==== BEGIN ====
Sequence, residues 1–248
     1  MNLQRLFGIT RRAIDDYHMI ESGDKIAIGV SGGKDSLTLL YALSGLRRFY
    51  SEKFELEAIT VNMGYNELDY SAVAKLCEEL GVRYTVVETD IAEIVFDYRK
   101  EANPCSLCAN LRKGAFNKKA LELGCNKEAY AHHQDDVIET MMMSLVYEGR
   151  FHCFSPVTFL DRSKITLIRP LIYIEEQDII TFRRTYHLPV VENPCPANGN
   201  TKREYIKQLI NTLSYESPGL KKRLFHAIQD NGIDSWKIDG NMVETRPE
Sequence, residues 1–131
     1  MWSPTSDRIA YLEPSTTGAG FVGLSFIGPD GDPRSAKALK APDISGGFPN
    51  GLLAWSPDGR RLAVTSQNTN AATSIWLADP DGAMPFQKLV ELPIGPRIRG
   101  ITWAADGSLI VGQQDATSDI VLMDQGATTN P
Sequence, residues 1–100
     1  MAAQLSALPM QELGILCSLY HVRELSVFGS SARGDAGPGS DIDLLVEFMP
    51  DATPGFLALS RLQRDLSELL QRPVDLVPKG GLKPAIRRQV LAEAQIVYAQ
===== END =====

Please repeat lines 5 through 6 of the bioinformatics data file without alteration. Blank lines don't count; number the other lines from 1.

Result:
   151  FHCFSPVTFL DRSKITLIRP LIYIEEQDII TFRRTYHLPV VENPCPANGN
   201  TKREYIKQLI NTLSYESPGL KKRLFHAIQD NGIDSWKIDG NMVETRPE